MORGANTOWN — Asked if he would abstain from voting on any future deals regarding the Haymaker Forest, Deputy Mayor Mark Brazaitis responded “absolutely not.”
With a caveat.
“Unless I’m told otherwise, no. By otherwise I mean through the appropriate channels the city attorney is taking,” Brazaitis told The Dominion Post.
He did not wish to comment publicly about what those channels are. A message left for City Attorney Ryan Simonton wasn’t returned in time for this report.
Among the points raised during the weeks of public debate surrounding the city’s, now postponed, purchase of the 40 wooded acres for $5.2 million was the fact that Brazaitis’ property borders the forest off Courtney Avenue, and therefore he stands to benefit from the city purchasing the property creating a conflict of interest.
During an injunction hearing on June 19 — hours before council took up the potential adoption of the purchase agreement — Monongalia County Circuit Judge Russell Clawges agreed with one of the points in the failed injunction request, stating he felt Brazaitis is conflicted and probably should not have voted on June 5, when council passed a first reading of the purchase agreement.
Later that evening, Brazaitis was the lone vote to proceed with the purchase as council went 5-1 in favor of postponing the issue and going back to the drawing board after learning the land is valued at just under half the asking price, at $2.5 million. Council also heard from nearly 40 members of the public opposed to the acquisition during that meeting.
Brazaitis explained that his outspoken desire to preserve the forest came long before his time on council and was central to the campaign that got him elected.
“I made this a campaign promise. Anybody who was paying attention to my campaign, and there was plenty of those people, knew that I was behind saving this forest for our community,” Brazaitis said, conceding that he put himself in the public conversation when he ran for office, but he feels some opponents of the forest purchase have crossed the line.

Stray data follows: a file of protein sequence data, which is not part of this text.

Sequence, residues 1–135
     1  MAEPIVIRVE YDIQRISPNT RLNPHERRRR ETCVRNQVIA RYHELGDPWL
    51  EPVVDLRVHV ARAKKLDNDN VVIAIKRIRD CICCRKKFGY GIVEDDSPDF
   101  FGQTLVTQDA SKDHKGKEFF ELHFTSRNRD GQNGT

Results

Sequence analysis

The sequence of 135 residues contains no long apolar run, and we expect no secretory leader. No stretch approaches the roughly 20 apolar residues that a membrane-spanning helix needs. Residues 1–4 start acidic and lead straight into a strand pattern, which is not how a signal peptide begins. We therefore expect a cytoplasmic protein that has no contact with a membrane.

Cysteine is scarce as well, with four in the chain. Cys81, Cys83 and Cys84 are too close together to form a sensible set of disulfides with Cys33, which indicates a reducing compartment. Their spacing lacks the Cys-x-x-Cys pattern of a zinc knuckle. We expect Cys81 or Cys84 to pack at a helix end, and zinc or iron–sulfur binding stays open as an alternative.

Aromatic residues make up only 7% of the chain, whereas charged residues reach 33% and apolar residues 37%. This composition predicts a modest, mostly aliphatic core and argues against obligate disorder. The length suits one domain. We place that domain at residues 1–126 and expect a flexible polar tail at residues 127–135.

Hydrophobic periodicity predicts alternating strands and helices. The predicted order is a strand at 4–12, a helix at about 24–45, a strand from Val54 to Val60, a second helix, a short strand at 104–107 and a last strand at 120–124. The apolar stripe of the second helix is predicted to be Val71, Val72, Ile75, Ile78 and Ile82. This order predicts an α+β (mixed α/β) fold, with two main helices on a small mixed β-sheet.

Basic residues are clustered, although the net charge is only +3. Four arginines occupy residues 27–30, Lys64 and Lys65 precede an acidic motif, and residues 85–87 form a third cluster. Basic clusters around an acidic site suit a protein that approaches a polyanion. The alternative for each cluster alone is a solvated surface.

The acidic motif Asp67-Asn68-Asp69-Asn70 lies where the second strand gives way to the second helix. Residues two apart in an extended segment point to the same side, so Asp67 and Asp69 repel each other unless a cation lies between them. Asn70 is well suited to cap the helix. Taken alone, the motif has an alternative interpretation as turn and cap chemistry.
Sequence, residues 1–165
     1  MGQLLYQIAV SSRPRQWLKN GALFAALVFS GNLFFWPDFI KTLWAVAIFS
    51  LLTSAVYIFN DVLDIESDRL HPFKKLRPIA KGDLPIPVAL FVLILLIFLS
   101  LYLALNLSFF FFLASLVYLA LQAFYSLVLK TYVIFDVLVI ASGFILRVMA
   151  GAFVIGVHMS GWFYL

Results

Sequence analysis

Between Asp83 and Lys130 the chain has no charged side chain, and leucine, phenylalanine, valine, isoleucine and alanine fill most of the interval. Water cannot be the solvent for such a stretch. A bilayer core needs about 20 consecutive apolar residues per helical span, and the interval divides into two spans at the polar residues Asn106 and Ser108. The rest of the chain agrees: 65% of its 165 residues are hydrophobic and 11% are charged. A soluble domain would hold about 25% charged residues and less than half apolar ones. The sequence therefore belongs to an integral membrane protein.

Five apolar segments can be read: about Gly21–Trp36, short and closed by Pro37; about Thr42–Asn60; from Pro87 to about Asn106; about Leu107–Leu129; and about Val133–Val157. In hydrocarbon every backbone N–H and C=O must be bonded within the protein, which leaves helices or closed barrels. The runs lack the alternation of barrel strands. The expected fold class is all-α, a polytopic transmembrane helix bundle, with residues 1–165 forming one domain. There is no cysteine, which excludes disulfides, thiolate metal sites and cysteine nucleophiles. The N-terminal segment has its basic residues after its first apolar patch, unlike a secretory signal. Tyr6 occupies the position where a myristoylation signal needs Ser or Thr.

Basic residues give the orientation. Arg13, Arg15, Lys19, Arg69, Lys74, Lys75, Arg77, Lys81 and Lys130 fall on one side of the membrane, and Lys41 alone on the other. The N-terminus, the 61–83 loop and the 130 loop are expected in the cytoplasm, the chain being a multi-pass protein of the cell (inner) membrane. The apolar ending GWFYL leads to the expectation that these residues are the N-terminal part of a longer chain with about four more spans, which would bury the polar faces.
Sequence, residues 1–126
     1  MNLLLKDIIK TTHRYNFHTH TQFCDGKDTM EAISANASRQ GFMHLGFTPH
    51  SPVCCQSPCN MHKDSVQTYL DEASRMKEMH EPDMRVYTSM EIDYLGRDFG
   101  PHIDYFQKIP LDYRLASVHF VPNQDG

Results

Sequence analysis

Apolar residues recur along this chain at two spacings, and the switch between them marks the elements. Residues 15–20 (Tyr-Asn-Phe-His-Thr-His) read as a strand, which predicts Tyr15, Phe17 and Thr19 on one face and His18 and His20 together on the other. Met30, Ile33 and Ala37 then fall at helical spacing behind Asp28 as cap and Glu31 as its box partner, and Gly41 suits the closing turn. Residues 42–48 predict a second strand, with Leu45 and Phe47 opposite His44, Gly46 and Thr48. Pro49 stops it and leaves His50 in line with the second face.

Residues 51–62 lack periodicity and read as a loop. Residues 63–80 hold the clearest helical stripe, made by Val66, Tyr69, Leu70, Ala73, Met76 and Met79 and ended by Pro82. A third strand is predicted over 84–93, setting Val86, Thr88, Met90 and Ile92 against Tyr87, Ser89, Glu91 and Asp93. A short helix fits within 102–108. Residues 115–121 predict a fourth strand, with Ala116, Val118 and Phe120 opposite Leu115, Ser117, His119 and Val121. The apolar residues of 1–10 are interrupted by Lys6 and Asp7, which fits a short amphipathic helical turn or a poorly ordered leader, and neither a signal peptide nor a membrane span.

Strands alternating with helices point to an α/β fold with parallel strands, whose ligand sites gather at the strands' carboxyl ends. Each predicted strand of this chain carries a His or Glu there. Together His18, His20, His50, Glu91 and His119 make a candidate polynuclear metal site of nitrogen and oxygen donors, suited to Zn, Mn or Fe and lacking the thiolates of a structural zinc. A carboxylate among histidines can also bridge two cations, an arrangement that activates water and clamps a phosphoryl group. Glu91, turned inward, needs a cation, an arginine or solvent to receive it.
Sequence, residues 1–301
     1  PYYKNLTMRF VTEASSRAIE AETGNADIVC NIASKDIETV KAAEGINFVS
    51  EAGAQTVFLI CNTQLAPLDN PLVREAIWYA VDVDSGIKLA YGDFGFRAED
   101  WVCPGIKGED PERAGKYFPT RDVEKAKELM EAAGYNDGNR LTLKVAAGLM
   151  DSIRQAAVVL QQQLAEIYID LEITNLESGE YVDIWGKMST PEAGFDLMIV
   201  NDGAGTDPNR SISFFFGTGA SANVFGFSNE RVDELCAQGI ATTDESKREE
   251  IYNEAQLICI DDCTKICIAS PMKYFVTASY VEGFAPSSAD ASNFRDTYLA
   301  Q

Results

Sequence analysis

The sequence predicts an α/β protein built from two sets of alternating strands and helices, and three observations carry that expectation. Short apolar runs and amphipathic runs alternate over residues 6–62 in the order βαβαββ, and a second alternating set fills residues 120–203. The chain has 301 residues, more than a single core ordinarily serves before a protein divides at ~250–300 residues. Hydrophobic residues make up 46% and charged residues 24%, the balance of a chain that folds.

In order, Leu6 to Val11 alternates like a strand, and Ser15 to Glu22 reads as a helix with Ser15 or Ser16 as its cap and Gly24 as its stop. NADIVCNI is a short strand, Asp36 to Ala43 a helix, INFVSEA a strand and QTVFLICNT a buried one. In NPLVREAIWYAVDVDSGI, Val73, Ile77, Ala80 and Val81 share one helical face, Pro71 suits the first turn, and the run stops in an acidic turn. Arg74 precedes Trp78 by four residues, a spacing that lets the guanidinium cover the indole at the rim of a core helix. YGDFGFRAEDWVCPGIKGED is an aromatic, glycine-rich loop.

“It doesn’t surprise me, the response, and it’s been tough on my family. Not only for them to know about some of the hostility, but also to have people, frankly, drive by my house and take photographs or otherwise harass me,” he said, explaining he confronted someone taking photos of his property earlier this week.
“I’m so upset for my daughters and my wife that I politely walked across my lawn and asked him to get out of his car so we could have a conversation. But he didn’t have the courage to even speak to me face to face,” Brazaitis said. “He waved and drove off. That’s upsetting to me for my family.”
He went on to say that he feels he’s become a bit of a scapegoat for some of the frustrations expressed during the public comments on the Haymaker deal — namely that the city is already struggling to maintain what it has.
He reiterated his claim that Morgantown’s annual budget should be closer to $100 million than the $38 million spending plan for the upcoming year. He said expanding the city’s borders and bringing property into the city is a non-regressive way to increase revenue — meaning it doesn’t disproportionately impact low-income residents the same way something like a user fee does.
“I think if we look elsewhere in the community we see some people who have not been good citizens in that they’re holding onto some of the wealth in the community without contributing fairly to the community’s advancement,” Brazaitis said.
“I’m thinking specifically … about the businesses at our borders that are not in the city though they claim to be from Morgantown and are not paying B&O tax that supports BOPARC, that supports the fire department, that supports all the services the city provides and would like to enhance. It’s understandable that people are feeling they’ve been let down by a system that hasn’t dignified them with what they deserve.”
According to the Morgantown City Charter, “No member of Council shall vote upon or participate in the furtherance of any matter in which that Concilmember has, either directly or indirectly, a substantial financial or other substantial personal interest …”
Representatives of the West Virginia Ethics Commission said the commission does not publicly confirm or deny whether a complaint or request for review has been submitted.